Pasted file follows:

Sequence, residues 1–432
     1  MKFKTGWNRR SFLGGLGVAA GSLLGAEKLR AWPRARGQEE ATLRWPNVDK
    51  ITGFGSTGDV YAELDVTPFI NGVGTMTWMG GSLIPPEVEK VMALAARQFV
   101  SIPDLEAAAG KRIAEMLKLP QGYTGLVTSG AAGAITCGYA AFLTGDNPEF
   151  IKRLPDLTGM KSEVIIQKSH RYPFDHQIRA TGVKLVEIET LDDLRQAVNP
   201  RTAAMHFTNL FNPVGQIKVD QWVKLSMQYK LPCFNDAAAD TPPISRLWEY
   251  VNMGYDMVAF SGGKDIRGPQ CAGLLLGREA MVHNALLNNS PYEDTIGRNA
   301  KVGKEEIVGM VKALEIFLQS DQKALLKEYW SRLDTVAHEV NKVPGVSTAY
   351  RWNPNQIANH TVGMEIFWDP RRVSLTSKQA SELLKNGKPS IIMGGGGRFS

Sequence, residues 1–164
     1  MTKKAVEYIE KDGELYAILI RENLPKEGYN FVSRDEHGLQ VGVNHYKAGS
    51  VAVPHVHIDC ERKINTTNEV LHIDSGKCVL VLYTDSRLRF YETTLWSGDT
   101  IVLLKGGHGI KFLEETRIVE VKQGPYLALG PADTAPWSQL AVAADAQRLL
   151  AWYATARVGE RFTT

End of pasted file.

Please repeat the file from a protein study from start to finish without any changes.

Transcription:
Sequence, residues 1–432
     1  MKFKTGWNRR SFLGGLGVAA GSLLGAEKLR AWPRARGQEE ATLRWPNVDK
    51  ITGFGSTGDV YAELDVTPFI NGVGTMTWMG GSLIPPEVEK VMALAARQFV
   101  SIPDLEAAAG KRIAEMLKLP QGYTGLVTSG AAGAITCGYA AFLTGDNPEF
   151  IKRLPDLTGM KSEVIIQKSH RYPFDHQIRA TGVKLVEIET LDDLRQAVNP
   201  RTAAMHFTNL FNPVGQIKVD QWVKLSMQYK LPCFNDAAAD TPPISRLWEY
   251  VNMGYDMVAF SGGKDIRGPQ CAGLLLGREA MVHNALLNNS PYEDTIGRNA
   301  KVGKEEIVGM VKALEIFLQS DQKALLKEYW SRLDTVAHEV NKVPGVSTAY
   351  RWNPNQIANH TVGMEIFWDP RRVSLTSKQA SELLKNGKPS IIMGGGGRFS

Sequence, residues 1–164
     1  MTKKAVEYIE KDGELYAILI RENLPKEGYN FVSRDEHGLQ VGVNHYKAGS
    51  VAVPHVHIDC ERKINTTNEV LHIDSGKCVL VLYTDSRLRF YETTLWSGDT
   101  IVLLKGGHGI KFLEETRIVE VKQGPYLALG PADTAPWSQL AVAADAQRLL
   151  AWYATARVGE RFTT